SCOTTSDALE, Ariz. -- Rockies right-hander Tyler Chatwood has spent most of his time in the Majors over the last two seasons relying on talent, but he hopes he has finally developed a reliable enough pitching motion to truly thrive.
Chatwood spent most of 2011 with the Angels (6-11, 4.75 ERA in 27 games, 25 starts), and bounced between the Majors and Minors last season with the Rockies (5-6, 5.43 in 19 games, 12 starts). If he can put into action the mechanical keys that the two rough seasons revealed, he could go from rotation filler to successful big-league starter.
"We started tweaking my windup early in the year," Chatwood said. "Me and Bo [McLaughlin, the Rockies' assistant pitching coach] started working on it throughout the whole year and it started clicking at the end. I started throwing the ball really well. My hands were separating too late, so it was pretty inconsistent. Now my hands are breaking at the right time, and it's a lot more consistent."
From his earliest bullpen sessions last year, the Rockies believed Chatwood, 23, had a bright future if he could spot his fastball properly. They tried to see if he could develop by pitching in relief, but wound up sending him down to work as a starter, and improve that way. By season's end, Chatwood was effective on both sides of the plate and unafraid to pitch inside. The next step is mixing offspeed pitches more effectively.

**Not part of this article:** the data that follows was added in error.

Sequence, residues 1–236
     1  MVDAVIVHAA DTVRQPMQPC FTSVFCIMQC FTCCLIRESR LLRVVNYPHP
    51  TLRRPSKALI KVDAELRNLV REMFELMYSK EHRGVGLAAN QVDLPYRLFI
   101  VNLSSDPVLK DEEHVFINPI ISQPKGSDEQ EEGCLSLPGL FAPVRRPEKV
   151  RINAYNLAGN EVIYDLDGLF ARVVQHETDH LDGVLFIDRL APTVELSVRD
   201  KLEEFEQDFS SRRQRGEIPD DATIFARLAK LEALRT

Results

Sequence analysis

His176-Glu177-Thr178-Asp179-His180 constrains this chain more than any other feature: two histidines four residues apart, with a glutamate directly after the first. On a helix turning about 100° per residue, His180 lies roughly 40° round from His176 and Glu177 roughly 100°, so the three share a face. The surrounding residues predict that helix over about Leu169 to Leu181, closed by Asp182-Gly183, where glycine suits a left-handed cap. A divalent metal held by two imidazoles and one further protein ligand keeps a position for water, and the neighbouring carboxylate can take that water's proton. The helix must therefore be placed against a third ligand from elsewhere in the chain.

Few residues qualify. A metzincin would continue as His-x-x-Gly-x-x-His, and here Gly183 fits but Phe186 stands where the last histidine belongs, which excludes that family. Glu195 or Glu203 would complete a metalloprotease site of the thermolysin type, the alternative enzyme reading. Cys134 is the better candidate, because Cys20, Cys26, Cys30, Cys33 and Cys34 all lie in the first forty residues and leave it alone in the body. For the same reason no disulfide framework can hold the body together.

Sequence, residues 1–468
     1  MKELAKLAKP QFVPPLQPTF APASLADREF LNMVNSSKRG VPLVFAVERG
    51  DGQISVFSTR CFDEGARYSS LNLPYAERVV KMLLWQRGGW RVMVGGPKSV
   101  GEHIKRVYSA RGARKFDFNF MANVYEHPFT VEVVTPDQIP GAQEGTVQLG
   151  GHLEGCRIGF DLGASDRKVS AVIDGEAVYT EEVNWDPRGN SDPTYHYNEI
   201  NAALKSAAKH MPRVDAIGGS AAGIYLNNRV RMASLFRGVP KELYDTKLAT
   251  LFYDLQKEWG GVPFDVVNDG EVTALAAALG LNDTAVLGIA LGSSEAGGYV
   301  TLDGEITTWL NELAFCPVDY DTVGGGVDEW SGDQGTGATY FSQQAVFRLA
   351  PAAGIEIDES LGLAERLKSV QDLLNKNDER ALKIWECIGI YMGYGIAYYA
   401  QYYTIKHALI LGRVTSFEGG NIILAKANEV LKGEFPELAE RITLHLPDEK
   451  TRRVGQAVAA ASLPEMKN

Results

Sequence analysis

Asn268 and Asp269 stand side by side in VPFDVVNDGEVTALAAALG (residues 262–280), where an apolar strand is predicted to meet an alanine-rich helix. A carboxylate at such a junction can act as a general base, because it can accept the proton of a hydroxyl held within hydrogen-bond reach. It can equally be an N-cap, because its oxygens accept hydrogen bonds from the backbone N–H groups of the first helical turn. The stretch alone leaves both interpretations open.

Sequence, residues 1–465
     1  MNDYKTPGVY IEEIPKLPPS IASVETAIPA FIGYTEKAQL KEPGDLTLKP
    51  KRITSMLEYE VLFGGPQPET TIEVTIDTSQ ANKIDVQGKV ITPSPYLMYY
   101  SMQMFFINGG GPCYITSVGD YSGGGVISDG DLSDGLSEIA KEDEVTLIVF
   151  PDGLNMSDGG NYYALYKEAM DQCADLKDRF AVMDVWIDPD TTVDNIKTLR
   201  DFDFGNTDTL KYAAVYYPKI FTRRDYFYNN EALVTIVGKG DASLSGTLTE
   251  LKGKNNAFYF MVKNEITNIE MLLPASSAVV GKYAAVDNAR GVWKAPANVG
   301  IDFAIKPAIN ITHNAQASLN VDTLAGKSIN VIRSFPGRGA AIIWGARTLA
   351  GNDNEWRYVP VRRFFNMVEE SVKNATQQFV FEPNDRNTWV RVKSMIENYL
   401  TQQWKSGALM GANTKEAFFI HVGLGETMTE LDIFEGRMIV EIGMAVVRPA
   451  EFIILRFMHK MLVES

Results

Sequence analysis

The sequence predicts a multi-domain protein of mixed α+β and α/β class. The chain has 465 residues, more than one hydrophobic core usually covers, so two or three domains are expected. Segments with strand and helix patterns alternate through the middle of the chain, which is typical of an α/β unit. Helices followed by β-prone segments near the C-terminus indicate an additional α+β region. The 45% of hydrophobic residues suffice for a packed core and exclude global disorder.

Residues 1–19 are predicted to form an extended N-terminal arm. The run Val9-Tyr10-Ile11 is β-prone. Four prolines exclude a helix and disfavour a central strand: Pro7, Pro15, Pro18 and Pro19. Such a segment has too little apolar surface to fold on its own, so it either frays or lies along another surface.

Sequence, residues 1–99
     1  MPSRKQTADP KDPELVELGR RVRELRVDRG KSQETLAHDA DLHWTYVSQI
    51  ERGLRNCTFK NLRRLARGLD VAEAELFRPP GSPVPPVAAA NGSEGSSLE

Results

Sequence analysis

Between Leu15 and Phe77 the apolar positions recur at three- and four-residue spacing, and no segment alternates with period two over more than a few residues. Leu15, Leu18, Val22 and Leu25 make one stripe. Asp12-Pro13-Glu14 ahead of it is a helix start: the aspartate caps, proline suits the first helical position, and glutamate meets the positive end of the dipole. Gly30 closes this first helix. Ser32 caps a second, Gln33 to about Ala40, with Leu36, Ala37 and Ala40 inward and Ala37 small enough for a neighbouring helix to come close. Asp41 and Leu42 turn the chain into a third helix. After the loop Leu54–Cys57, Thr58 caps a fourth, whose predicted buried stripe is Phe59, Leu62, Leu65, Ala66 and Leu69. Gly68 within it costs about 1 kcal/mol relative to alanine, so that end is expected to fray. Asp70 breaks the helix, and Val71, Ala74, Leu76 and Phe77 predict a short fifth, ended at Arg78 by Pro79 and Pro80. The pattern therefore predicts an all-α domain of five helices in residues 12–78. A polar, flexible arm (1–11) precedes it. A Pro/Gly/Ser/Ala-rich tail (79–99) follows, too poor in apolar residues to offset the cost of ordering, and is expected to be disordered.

Chatwood can't do anything about one of the marks against him -- his height. But he said the notion that being roughly 5-foot-10 limits him, actually helps.
"Everybody's going to say something about that, but I feel I'm getting great angle right now, and downhill plane on everything," Chatwood said. "I don't think it's a bad thing. Tim Lincecum is a two-time Cy Young Award winner and he might be a little shorter than me. Roy Oswalt has had a pretty good career as well, and also Tim Hudson. You can name a bunch of guys. Craig Kimbrel from the Braves is not that tall. It's just more fuel to the fire, actually."
If he doesn't make the rotation, Chatwood could contribute in the hybrid middle relief role.
"He's got electric stuff," Rockies manager Walt Weiss said. "I would imagine over the course of his career he's going to be a candidate for a lot of things."
Ottavino hopes to keep spot on staff within grasp
SCOTTSDALE, Ariz. -- Right-hander Adam Ottavino caught the Rockies' eye with a strong performance in a relief role. This spring, he decided not to stray far from the Rockies' sight.
Last season, Ottavino was in contact with officials for the Italian team in the 2013 World Baseball Classic. But Ottavino, who went 5-1 with a 4.56 ERA in 53 relief appearances, thought better of signing up for periodic absences from Rockies Spring Training camp.
"I can't rest on what I did last year," Ottavino said. "Even though I did OK, I could have done better. There are always people pushing, other people coming. I wanted to make sure I had my spot, make sure I have a good year. This is a very important year for me. There were just too many variables involved."
Ottavino, 27, was a Cardinals first-round pick in the 2006 First-Year Player Draft, but before the Rockies claimed him off waivers last season, his only Major League experience was five games (three starts) for the Cardinals in 2010. Ottavino found a home in the Rockies' hybrid relief role, which asks a pitcher to face as few as one batter or pitch multiple innings depending on the situation.